NEW HAVEN, Conn. A Superior Court judge has rejected a request for prison records of an East Hartford man who served 18 years in prison for a rape he did not commit, ruling that the release would invade his privacy.
The decision by Judge Howard Owens overturns a Freedom of Information Commission ruling last year in favor of releasing the documents related to James Tillman, who was freed from prison in 2006 after being exonerated by new DNA evidence. The Associated Press had sought the records, but Tillman and the state opposed the request.
"This court concludes that release of the documents in question, which have no bearing on Tillman's guilt or innocence of the offense for which he now has been entirely exonerated, and which reflect on aspects of his life during the time that he was forced to serve a lengthy sentence for a crime that he indisputably did not commit, would constitute an unjustified prying into Tillman's life with which reasonable members of the public would say they have no concern," Owens wrote in an Aug. 14 ruling.
Clifton Leonhardt, chief counsel for the FOI Commission, acknowledged that Tillman deserved sympathy for his ordeal. But he said he did not believe the records invaded Tillman's privacy and said such records should be public to provide oversight of prisons and prevent abuses.
"Hard cases make bad law," Leonhardt said. "I think this was a very good example of that old axiom."
The ruling sets a precedent, Leonhardt said. He said he believed it was the first time a Superior Court judge in Connecticut had ruled on releasing prisoner-disciplinary records.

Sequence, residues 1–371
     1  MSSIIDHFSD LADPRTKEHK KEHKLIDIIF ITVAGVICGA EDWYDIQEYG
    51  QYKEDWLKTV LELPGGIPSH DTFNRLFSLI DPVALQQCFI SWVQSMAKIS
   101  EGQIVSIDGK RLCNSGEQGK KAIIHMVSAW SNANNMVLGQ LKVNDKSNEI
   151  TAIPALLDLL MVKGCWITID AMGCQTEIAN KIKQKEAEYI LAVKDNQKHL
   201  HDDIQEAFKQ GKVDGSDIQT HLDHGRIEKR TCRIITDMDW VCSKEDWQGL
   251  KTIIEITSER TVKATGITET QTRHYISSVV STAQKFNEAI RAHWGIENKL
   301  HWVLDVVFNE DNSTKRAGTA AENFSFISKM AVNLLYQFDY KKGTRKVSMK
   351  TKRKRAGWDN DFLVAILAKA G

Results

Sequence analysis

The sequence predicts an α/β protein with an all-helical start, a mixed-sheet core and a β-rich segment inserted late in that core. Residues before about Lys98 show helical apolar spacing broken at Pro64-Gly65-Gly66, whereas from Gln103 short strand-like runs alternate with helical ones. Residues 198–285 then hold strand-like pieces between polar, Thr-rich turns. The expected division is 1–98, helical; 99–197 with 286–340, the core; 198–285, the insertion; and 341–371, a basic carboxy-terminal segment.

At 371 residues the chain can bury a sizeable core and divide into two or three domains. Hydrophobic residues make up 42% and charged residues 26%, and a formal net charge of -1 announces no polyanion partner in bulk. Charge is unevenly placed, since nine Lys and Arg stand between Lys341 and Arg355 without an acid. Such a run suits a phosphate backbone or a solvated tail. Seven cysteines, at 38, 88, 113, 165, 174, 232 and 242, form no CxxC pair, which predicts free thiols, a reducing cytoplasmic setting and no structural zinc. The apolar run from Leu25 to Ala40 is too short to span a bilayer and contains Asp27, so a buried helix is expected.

"The tendency previously was to release such records," Leonhardt said.
But Leonhardt said the ruling was carefully written to focus on Tillman's unusual circumstances, rather than expand the exemption for releasing records.
Leonhardt said he was not sure whether he would appeal the decision.
Telephone messages left yesterday for Charles Ray, Tillman's attorney, were not returned in time for this story.
Owens said the FOI Commission's concern about prisoner abuse was too speculative a rationale to disclose the records.
The state last year awarded $5 million to Tillman as compensation for his ordeal.
Tillman, who was 26 when he was arrested, was sentenced to 45 years in prison after being convicted of raping and beating a woman in downtown Hartford in 1988. The victim identified him, but Tillman was exonerated after DNA tests showed he could not have been the attacker.